Everyone knows that sleep is important. Research in sleep science (yes, that is a thing) tells us that our brains are working to digest the day’s learning, the immune system is active during sleep, and our bodies are repairing and renewing tissues and organs while we slumber. As much as we need sleep, kids need it more. They are building the brains and bodies they will carry into their future. Children need good quality sleep as much as they need healthy food.
Helping children to sleep well is usually a combination of creating good and consistent bedtime routines, giving them a full day of physical action and warm social interaction, and developing a healthy sleep environment. This means providing a sleep-positive environment and removing any barriers to sleeping well. But giving kids the chance to get a good night’s sleep can be harder when a child has hypermobility.
Some of the challenges to sleep for hypermobile kids are sensory-based, and some are orthopedic. Here is a list of things that make sleep more challenging for these kids:
- Children with limited proprioception and kinesthesia due to low tone or excessive joint mobility can have difficulty shifting down into a quiet state for sleep. They spend their day seeking sensory input; not moving reduces the sensory information that makes them feel calm and organized. Being still is a bit similar to being in a sensory deprivation tank, and it’s not always calming. To understand more about the sensory concerns of hypermobility, take a look at Hypermobility and Proprioception: Why Loose Joints Create Sensory Processing Problems for Children.
- Some hypermobile kids have joint or muscle pain that keeps them up or wakes them up in the middle of the night. Pain also makes kids more restless sleepers. Restless sleepers thrash around a bit under the covers, becoming trapped in multiple layers of bed linens, or they can fall asleep in awkward positions that result in pain.
- Hypermobile kids can get arms and legs caught in their bedclothes or between crib slats and mattresses. Any layer can be a potential problem, from the sheet to the decorative afghan that Granny sent for his birthday.
- Limbs can slide off the mattress during deep sleep and create strain on ligaments and tendons. You and I depend on our brain to perceive an awkward position and take corrective action by waking us slightly. The same child who “w” sits and slides off a chair without noticing is not going to wake up when her arm is hanging off the bed during sleep, even though the tissues are stretching beyond their typical range of motion.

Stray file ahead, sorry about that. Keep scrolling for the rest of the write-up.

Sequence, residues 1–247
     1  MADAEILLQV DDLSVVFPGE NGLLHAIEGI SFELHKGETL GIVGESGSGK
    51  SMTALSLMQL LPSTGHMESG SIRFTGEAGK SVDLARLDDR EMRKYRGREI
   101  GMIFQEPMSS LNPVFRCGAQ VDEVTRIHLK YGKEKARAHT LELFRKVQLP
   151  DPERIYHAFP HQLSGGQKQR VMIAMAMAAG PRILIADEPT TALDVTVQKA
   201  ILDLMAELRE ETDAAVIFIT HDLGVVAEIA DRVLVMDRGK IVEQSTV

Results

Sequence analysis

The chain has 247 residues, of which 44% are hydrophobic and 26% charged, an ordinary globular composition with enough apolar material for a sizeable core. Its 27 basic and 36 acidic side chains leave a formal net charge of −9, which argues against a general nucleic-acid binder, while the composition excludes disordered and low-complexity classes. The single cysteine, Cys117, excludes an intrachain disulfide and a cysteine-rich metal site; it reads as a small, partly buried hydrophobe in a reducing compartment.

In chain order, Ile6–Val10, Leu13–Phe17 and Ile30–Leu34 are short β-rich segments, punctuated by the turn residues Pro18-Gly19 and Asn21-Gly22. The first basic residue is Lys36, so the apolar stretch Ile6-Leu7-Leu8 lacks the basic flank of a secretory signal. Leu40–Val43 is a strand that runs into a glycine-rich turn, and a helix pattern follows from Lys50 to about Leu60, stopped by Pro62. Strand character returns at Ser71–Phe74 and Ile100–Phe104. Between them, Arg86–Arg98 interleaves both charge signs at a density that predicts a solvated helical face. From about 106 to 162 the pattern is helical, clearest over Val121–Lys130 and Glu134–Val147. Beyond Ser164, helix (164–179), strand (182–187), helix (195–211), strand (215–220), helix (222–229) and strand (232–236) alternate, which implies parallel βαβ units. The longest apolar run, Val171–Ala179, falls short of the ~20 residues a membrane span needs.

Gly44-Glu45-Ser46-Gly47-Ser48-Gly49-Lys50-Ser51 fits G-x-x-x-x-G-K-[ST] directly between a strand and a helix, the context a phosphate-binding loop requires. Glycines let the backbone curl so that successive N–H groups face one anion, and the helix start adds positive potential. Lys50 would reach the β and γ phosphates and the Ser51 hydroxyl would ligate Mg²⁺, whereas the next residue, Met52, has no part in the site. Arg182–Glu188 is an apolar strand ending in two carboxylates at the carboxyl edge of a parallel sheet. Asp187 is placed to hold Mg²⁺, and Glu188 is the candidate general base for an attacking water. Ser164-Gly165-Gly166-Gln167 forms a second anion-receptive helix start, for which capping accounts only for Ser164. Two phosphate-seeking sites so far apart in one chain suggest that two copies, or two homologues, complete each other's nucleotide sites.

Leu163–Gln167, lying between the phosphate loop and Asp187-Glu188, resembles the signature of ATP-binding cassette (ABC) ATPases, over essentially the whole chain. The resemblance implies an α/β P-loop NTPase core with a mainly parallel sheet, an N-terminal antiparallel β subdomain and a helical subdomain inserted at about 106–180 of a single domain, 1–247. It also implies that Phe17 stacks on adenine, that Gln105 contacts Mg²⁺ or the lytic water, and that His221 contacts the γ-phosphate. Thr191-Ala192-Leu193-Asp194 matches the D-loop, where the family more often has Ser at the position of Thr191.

Here are some simple strategies that may improve your child’s sleep:
- Try a duvet or a flannel sheet set to minimize the number of layers of bedclothes.
- Use a rashguard suit instead of pajamas. I am particularly fond of the zip-front style so that less force is needed to get arms in and out while dressing. You can peel it off more easily. The lycra creates sensory feedback that can support body awareness while keeping them cozy. An all-in-one suit also gives a bit of support so that limbs don’t easily overstretch. A little bit of proprioceptive input in a breathable fabric that can also generate a bit of neutral warmth (from body heat) to keep tissues from getting too stiff.
- Avoid footie sleepers that are too short. Too-small footie sleepers create compressive forces on joints and could even encourage spinal torque. Hypermobile kids will be the last ones to complain since they often don’t feel discomfort right away. My preference is not to use these sleepers at all with hypermobile kids or kids with low tone. See the next suggestion for another reason why I feel this way.
- Make them take off those footie sleepers when they wake up and walk around. As fabric twists and children stand/walk on the fabric, not the soles, it creates a safety risk underfoot. Less sensory feedback and slippery soles!! Get them dressed once they wake up.
- Carefully consider the issues before you try a weighted blanket. Originally sold for kids on the autistic spectrum and for kids with sensory processing disorders without muscular or orthopedic issues, these blankets have become popular with other groups. The biggest concern for hypermobile kids is that placing weight (meaning force) on an unstable joint over time without conscious awareness or adult monitoring is a safety issue. It is possible to create ligament injury or even subluxation of a joint with weights, depending on limb position, length of time weight is applied, and the amount of force placed on a joint. Talk the idea of a weighted blanket over with your OTR or PT before you order one of these blankets.
- Consider aromatherapy, gentle massage, white noise machines, and other gentler sleep strategies to help your child sleep well. For kids who sleep well but wake up stiff, learn how to use gentle massage and possibly heat to help them get going. do not ignore pain at bedtime, or complaints of pain on awakening. These are important clues that you need to address. Ask your occupational therapist or your pediatrician for ideas to adapt your bedtime routine (OT) or your pain plan (MD) to handle nighttime pain.
- Try K-Taping or Hip Helpers for stability. Kineseotape stays on for days and gives joint support and sensory input while your child sleeps. Hip Helpers are snug lycra bike shorts that limit extreme hip abduction for the littlest kids (legs rotate out to the sides excessively). They gently help your child align hip joints correctly. As with weighted blankets, I strongly recommend consulting with your therapists to learn about how to use both of these strategies. When used incorrectly, both can create more problems for your child.